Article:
17 Plasma Clearance Questions What is the PC for a substance that is FILTERED AND REABSORBED, but NOT SECRETED?What is the PC for a substance that is FILTERED AND SECRETED?What is the PC for a substance that is FILTERED, but not REABSORBED or SECRETED?
18 OsmolarityMeasure of the concentration of individual solute particles dissolved in fluidThe higher the osmolarity, the higher the concentration of solutesWATER moves by osmosis from an area of lower osmolarity (higher water conc) to an area of higher osmolarity (lower water conc) until the concentration difference is eliminated
19 OsmolarityIsotonic- solution is the same conc. as normal body fluids (300 milliosmols/L)Hypotonic- solution is more dilute than normal body fluids (< 300 milliosmols/L)Hypertonic- solution is more concentrated than normal body fluids (> 300 milliosmols/L)
20 QuestionHow can the kidneys put out a concentrated urine when the body is dehydrated?How can the kidneys excrete a dilute urine when the body is overhydrated?
21 Other nephrons emptying into the same collecting duct DistaltubuleDistaltubuleGlomerulusProximaltubuleBowman’scapsuleProximaltubuleCortexMedullaDescendinglimb ofloop ofHenleCollectingductLoop of HenleOther nephrons emptying intothe same collecting ductVasa rectaAscendinglimb ofloop ofHenleTo renalpelvisFig. 14-5, p. 505
22 Countercurrent System There is a vertical osmotic gradient in the interstitial fluid of the medullaThis gradient, with the help of ADH (vasopressin) allows the kidney to vary the concentration of the urine depending on the body’s needsCountercurrent multiplication- loops of Henle and Juxtamedullary nephronsCountercurrent exchange- vasa recta of the juxtamedullary nephrons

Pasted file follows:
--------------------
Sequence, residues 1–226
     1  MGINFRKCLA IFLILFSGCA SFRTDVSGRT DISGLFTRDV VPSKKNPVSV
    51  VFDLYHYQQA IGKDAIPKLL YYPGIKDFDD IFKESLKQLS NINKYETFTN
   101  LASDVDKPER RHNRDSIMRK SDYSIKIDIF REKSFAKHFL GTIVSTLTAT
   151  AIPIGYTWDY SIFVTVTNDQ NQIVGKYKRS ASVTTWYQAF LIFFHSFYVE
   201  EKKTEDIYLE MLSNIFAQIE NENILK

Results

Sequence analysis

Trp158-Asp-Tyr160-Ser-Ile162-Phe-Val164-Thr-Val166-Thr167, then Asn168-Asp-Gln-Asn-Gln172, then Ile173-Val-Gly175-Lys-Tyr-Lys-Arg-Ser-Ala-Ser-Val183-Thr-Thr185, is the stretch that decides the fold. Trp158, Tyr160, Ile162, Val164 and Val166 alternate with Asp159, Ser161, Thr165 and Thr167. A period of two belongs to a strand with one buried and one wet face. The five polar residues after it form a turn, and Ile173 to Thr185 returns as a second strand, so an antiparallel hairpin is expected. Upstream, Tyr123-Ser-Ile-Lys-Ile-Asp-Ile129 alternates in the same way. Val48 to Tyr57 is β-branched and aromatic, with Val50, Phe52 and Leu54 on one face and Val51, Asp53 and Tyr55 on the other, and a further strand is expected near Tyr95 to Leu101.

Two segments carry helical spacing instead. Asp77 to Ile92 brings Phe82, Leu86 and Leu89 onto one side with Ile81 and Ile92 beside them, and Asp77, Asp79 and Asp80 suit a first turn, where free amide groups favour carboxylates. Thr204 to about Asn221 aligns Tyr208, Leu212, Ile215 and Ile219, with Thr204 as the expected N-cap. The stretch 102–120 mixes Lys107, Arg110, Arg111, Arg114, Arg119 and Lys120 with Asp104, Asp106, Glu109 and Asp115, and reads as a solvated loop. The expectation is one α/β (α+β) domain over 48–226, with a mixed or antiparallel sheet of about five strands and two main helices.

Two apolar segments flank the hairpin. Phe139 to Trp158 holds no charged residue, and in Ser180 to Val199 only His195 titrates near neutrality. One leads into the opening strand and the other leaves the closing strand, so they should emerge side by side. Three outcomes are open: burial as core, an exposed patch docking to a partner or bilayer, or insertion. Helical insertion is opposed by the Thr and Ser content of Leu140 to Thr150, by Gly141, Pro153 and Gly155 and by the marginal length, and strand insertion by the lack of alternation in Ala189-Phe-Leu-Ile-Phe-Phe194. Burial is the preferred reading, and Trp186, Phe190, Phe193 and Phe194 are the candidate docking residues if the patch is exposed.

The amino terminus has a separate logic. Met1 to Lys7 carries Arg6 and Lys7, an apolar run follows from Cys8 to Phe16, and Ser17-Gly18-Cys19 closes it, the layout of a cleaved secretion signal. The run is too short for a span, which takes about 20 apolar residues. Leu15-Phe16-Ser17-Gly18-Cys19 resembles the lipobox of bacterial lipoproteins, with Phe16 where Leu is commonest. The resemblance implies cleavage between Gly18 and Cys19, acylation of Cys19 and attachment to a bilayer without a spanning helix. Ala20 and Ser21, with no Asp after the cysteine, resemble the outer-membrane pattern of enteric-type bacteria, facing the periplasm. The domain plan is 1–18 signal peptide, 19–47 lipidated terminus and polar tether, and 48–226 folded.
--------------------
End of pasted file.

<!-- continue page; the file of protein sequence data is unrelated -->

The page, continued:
23 Countercurrent System At the end of the proximal tubule and beginning the loop of Henle, the filtrate is isotonic (300 mosm/L)Na+ is actively reabsorbed against its concentration gradient in the proximal tubule, creating an osmotic gradient, pulling water across to maintain osmotic equilibrium
24 Countercurrent Multiplication The loops of Henle of the juxtamedullary nephrons are responsible for establishing the concentration gradient in the renal medullaDesc. limb is freely permeable to H2O, but NOT NaCl – so H2O goes into IFThe ascending limb actively transports out NaClAsc. Limb IMPERMEABLE to water
26 Medullary vertical osmotic gradient There is a countercurrent flow produced by the close proximity of the two limbsThe ascending limb produces an interstitial fluid that becomes hypertonic to the ascending limb.This interstitial fluid faces against the flow of fluid (countercurrent) in the descending limb, attracting the water by osmosis for reabsorption